• If you find that Foswiki duplicates a CPAN module unnecessarily, then consider refactoring the Foswiki code to leverage CPAN.
  • Don't assume CPAN modules are better than Foswiki code! The quality (and efficiency) of many CPAN modules leaves a lot to be desired.

The Foswiki Engine

The Foswiki engine is designed to allow easy portability between different calling environments e.g. command-line, CGI, mod_perl, fcgi etc. For this portability to work:
  • Never call exit
  • Avoid die (call it only if you're sure that it will be caught by the exception mechanism)
  • Call Foswiki::Response methods instead of print
  • Call Foswiki::Request methods instead of reading %ENV or from stdin
  • Take great care with circular references, as they can result in memory leaks (perl GC does not detect disconnected subgraphs)
  • Don't assume that some particular engine is been used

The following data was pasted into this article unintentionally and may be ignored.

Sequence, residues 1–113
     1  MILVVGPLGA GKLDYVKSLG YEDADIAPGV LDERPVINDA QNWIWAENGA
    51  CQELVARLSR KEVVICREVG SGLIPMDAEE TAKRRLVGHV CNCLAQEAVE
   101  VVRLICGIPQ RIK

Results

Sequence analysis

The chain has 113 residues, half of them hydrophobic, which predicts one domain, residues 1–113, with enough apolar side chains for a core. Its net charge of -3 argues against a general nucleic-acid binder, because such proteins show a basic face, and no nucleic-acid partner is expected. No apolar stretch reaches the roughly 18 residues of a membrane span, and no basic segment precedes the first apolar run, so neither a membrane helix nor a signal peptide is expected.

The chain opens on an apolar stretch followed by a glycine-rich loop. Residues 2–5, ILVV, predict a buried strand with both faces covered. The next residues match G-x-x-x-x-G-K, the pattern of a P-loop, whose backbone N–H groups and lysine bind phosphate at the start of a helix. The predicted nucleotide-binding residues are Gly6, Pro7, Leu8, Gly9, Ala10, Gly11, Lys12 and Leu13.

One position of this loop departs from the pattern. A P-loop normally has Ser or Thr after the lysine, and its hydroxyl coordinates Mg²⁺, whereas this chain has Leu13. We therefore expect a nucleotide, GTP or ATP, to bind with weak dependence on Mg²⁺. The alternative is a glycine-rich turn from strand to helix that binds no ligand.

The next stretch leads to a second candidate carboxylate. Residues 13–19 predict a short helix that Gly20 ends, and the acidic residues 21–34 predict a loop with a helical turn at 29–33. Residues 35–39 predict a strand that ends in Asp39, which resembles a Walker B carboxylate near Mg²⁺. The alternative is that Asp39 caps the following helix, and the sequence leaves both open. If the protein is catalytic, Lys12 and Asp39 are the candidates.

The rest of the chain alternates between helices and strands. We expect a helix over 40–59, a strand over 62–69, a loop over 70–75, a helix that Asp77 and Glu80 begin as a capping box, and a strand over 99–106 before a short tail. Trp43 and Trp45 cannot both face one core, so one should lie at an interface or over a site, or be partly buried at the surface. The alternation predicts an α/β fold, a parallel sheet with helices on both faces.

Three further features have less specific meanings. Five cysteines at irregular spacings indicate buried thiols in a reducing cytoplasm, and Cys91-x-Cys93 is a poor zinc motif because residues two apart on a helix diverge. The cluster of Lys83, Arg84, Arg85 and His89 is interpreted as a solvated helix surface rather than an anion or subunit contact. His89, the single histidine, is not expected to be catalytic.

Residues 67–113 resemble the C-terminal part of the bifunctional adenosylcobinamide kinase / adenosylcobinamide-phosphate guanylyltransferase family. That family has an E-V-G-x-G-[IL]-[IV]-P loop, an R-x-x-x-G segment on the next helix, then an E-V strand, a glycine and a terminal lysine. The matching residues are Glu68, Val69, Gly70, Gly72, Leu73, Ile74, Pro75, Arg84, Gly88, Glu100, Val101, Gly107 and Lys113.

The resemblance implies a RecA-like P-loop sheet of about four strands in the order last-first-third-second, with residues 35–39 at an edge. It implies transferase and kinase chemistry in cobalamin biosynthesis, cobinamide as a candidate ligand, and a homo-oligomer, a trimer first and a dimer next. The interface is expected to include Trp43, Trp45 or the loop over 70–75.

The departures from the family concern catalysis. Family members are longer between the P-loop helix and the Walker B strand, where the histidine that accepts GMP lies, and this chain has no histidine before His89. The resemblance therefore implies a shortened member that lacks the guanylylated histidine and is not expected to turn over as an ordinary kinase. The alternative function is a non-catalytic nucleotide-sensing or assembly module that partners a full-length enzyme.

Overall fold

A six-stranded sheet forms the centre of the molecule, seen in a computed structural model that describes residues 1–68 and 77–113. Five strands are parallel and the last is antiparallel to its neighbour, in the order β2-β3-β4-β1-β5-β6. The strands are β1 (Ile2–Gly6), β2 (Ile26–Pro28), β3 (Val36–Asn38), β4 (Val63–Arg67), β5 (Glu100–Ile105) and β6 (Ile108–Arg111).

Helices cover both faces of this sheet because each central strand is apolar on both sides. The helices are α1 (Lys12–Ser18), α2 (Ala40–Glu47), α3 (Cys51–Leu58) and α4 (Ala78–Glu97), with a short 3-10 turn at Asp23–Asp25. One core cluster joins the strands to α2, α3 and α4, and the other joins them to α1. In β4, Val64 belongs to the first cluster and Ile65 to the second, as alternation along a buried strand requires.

• Always close file handles (if you must open files, we recommend the use of IO::Handle, so handles are closed when out of scope)
  • Always be sure that forked applications terminate

Debugging and Testing

  • Write debug information using Foswiki::writeDebug - don't rely on print STDERR, as it is often captured and redirected.
  • Use DEBUG and ASSERT freely.

Unit testing is described in depth elsewhere. Suffice it to say that any new code you add should come with unit tests. These are very, very important for a number of reasons:
  • Unit tests give us early warning if anything breaks.
  • Unit tests protect your investment; if anyone changes your code, the tests will fail and you can tell them to fix it.
  • Unit tests make code development significantly easier (for example, you can use the debugger with them)
  • Unit tests are an important part of the specification, enhancing and clarifying documentation.
Topic revision: r4 - 01 Sep 2015, CrawfordCurrie
The copyright of the content on this website is held by the contributing authors, except where stated elsewhere. See Copyright Statement. Creative Commons License    Legal Imprint    Privacy Policy